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An canyoneer encounters rich vegetation at the entrance to Cow Pot in the Yorkshire Dales, England; Photograph by Robbie Shone, My Shot

The Best of Life Happens Outside of Your Comfort Zone

What do you envision when you hear the word “adventure”? I think of excitement, challenge, the unknown, and probably a little adversity. The thing about adventure is that it gets you out of your comfort zone. And it makes you vulnerable—because no matter how carefully you plan, the fact remains that you don’t really know what is going to happen. That’s part of the fun. It gives you those jumpy butterflies of anticipation.

Consider the word “vulnerable.” Its soft syllables suggest exposure—like you’re opening yourself to possibility. You’ve got to risk a little exposure from time to time. Surrounding yourself in a womb of safety doesn’t provide room to grow.

“If it terrifies you, do it.” I read this somewhere once, and it is absolutely sage advice. Things might not work out how you expect, and you might get a little banged up along the way. But in the end, you’ll be a stronger, happier, more confident person.

When I was in college, I spent a semester in Tanzania. I knew I wanted to go somewhere adventurous, so I chose East Africa even though it terrified me. I’d traveled before, but never to a developing country. I’d never spent four months away from my friends and family, in the company of strangers in a foreign land. I was scared. But I did it anyway, and to this day it remains one of my greatest experiences. It unleashed my lifelong passion for exploring other cultures, and gave me a totally new perspective.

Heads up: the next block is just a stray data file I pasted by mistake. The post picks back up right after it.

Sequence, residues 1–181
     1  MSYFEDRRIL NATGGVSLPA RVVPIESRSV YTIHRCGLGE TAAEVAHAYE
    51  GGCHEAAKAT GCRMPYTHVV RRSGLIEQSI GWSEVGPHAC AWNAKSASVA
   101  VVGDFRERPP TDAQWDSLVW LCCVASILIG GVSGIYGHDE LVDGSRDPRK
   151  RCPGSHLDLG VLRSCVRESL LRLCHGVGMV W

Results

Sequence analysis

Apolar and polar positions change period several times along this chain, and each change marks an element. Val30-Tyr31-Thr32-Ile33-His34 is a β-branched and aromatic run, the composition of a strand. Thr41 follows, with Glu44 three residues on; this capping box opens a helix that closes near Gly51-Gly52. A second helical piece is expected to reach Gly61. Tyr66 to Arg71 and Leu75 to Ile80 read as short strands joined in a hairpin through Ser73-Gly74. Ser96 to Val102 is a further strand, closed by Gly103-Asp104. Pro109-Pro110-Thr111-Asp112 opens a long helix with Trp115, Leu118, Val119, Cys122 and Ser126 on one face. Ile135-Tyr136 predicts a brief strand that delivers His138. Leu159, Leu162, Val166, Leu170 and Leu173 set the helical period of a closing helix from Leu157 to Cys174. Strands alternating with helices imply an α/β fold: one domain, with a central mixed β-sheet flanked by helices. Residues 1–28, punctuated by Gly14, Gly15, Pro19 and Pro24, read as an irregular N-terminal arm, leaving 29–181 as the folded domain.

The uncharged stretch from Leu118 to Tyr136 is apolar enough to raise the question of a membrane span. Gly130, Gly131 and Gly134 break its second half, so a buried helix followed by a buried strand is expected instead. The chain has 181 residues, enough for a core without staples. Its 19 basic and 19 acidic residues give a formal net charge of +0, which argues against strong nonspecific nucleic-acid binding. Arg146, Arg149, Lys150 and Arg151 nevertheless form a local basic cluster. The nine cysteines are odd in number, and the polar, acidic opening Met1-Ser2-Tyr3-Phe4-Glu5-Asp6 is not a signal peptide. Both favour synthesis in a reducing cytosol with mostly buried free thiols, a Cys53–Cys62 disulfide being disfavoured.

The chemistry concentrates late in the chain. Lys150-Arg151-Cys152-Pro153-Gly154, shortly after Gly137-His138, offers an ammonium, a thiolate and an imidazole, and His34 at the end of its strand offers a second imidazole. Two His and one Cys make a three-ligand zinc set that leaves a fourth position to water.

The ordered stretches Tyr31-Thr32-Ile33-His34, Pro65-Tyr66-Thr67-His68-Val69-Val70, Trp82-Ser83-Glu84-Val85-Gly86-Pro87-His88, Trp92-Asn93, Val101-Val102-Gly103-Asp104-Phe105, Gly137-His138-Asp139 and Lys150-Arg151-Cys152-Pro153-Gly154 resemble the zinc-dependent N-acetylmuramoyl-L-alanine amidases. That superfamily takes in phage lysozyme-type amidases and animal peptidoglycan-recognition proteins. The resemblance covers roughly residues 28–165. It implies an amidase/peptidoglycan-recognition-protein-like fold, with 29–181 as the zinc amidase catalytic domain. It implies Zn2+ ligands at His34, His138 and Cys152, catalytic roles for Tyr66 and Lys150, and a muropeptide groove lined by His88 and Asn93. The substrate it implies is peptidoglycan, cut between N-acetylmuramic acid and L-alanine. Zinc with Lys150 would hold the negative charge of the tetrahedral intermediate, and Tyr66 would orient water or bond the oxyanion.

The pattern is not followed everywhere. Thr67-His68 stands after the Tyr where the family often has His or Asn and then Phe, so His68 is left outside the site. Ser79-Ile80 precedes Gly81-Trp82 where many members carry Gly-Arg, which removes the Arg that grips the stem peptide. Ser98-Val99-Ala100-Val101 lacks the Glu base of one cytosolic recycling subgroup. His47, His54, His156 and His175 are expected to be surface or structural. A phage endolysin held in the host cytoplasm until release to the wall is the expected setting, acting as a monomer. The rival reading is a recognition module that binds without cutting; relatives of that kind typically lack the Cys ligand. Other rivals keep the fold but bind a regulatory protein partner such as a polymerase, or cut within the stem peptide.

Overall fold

It’s the adventures that really challenge us—the ones that touch our deepest vulnerabilities and fears—that etch the most indelible marks on us. They also teach us the greatest lessons. Every one of them is an opportunity to tease out the essence of your character. What happened when the going got rough? How did you cope with the difficulty? What would you do differently next time?

The older we get, the more we get set in our ways. We think we have ourselves figured out. “I like to do this, I don’t like that, etc.” But guess what? You’re actually a continually evolving human being. To put yourself in a box because you think you have yourself dialed is cutting off your soul to a whole realm of possibility.

I recently went trekking in Peru with a woman in her late 50s. This was way outside her comfort zone. She hadn’t really hiked in 25 years. She raised four kids on her own, and didn’t have time or money for such pursuits. But when friends invited her, she answered the call to adventure. In the course of her preparation—which involved hiking several times a week, strength class, doing stair workouts, and wrapping her head around the upcoming challenge—she completely changed her lifestyle. It was a transformative experience. She ended up having an amazing trip, accomplished far more than she ever thought possible, and fundamentally changed her life view. She’s now healthier, happier and more confident, and has a stronger bond with the outdoors.

You never regret the things you try in life, just the things you don’t. What I’ve learned over the years is that I typically wouldn’t change a thing. Because even the adventures that turn me upside down help make me who I am. And they make for darn good stories later on.

So go ahead, put yourself out there. Try something new. Be scared and vulnerable. Let things get messy. You might discover you can achieve more than you thought you could. Or it might not work out as you hope. But at least you tried. And I’m willing to bet that just the act of trying will make you feel really alive.

Avery Stonich is communications manager for Outdoor Industry Association. Follow us on twitter: @OIA and @averystonich